ALBANY — The county saw the largest single day increase in COVID-19 cases in a month with 23 new cases reported from Thursday to Friday.
Meanwhile, there are 31 new cases at UAlbany over the past 48 hours. Some of those cases are included in the latest number of positives reported countywide while others were reported previously. Other reporting limitations are tied to “point of care” tests, or tests that give results in minutes rather than days.
There have been 40 cases at UAlbany since the semester began earlier this month. Most cases are tied to athletics and to off-student parties in the Pine Hills neighborhood of Albany, said County Executive Dan McCoy.
In response, UAlbany President Havidan Rodriguez said all athletics are suspended until further notice and all athletes will need to participate in surveillance testing. Six students have been suspended, five students have been removed from student housing and others are under investigation for not following safety protocols.
“While this is a measure of last resort, we will continue to move in this direction if we find anyone endangering the health of our university community and our surrounding communities,” he said during a press briefing with MCCoy on Friday, Sept. 11.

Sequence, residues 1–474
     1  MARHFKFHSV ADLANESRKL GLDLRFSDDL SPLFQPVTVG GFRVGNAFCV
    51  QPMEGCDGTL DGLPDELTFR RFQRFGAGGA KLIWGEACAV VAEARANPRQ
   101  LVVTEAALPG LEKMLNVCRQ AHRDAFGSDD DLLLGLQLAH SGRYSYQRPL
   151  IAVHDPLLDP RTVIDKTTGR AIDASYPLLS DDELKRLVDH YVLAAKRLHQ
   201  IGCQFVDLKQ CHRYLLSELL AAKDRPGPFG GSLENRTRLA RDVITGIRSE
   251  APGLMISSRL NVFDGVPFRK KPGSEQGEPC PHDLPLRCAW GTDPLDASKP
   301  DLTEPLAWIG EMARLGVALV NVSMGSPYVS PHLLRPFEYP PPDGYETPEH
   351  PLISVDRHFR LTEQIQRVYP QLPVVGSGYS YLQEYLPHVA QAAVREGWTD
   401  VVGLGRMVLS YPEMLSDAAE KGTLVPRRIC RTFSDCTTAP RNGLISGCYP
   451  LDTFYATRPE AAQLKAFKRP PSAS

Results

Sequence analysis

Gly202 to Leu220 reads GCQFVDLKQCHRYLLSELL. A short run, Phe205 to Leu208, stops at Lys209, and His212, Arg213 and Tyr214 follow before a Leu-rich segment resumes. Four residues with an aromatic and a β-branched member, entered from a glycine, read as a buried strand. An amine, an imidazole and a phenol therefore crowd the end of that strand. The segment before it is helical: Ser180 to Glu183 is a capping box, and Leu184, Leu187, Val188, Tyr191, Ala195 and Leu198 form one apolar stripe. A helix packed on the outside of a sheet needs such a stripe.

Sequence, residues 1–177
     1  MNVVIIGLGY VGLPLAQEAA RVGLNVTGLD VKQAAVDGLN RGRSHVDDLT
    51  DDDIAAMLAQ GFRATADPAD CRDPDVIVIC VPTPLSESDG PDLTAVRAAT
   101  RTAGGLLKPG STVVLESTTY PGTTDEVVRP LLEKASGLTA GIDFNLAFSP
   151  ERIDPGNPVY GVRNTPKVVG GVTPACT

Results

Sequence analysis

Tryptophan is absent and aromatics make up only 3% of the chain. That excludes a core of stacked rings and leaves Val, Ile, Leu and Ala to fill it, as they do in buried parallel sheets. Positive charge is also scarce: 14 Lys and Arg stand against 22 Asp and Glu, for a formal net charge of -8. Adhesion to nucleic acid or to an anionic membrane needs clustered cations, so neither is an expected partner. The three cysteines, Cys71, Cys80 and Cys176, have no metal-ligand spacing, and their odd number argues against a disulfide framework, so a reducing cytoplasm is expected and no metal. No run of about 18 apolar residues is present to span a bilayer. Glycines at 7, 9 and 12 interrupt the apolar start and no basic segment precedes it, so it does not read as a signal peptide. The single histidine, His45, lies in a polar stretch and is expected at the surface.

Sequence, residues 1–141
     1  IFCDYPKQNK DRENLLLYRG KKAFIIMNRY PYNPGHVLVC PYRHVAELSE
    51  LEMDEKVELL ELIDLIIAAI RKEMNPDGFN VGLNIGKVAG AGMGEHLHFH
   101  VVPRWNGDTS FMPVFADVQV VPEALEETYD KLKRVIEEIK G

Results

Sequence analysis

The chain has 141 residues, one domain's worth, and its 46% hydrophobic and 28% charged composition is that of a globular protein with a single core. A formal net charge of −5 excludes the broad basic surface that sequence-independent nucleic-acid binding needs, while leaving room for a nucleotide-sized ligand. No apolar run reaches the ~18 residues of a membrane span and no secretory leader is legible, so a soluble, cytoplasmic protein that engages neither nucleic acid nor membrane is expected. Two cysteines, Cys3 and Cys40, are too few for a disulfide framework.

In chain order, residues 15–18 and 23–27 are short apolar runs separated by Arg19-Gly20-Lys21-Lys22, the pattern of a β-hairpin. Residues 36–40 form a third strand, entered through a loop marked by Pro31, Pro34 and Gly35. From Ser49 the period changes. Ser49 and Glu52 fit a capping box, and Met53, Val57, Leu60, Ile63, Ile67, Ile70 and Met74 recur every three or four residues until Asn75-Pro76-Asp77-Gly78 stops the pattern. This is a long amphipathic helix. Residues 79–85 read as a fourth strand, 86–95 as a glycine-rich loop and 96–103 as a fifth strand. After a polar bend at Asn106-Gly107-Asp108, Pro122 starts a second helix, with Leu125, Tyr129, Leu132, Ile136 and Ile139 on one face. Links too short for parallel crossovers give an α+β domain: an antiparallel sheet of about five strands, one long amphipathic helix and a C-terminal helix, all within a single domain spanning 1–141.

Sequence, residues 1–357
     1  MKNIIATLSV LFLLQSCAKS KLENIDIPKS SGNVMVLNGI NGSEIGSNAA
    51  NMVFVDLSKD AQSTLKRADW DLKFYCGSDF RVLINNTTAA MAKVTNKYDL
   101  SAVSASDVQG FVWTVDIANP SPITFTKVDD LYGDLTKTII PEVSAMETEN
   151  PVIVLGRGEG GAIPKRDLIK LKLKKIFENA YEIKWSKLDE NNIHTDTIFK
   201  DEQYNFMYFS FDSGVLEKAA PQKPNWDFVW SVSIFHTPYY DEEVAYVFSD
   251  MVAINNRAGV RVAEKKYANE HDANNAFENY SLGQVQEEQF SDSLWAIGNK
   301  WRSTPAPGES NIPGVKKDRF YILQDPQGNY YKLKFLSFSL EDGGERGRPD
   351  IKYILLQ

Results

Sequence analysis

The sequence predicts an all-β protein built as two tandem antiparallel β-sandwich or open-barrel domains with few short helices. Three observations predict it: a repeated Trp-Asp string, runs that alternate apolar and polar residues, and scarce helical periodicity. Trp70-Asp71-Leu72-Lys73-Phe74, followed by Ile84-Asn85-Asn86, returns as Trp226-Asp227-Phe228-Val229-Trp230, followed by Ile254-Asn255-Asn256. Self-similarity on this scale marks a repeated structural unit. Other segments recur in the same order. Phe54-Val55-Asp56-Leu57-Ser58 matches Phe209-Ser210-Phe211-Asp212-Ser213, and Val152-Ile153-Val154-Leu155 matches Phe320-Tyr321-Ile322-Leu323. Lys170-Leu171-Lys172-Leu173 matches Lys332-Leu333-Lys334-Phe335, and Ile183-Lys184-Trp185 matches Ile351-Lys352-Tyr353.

Of the new cases reported in Albany County, 20 had close contact to positive cases, two are health care workers and one had no clear source of infection. It is the highest number of positive cases since Aug. 12 when there were 21 new cases. There were 12 new cases reported from Wednesday to Thursday.
As of Friday, there were 2,627 cases in Albany County with 393 people under mandatory quarantine. There are 2,560 people who tested positive and recovered with 14 in the hospital for a rate of .5. There is one person in the ICU. There has not been a new hospitalization for three days.
Across the country, colleges are struggling to contain the virus as students returned to campus. Earlier this month, Gov. Andrew Cuomo issued a directive that if there were more than 100 reported cases, the college must shift to a virtual learning to keep students separated.
“Whether or not your school stays open depends on what you do,” Dr. Elizabeth Whalen said to students regarding the county responsibility of contact tracing positive cases. “There are a good amount of students out there who realize the importance of doing the right thing and realize the danger of students who are infected and not doing the right thing and they are letting us know.”
The positive cases on college campuses are reported where the campus is located and could have an adverse impact on the metrics that allow other activities and businesses in any given region to remain open as per state guidelines.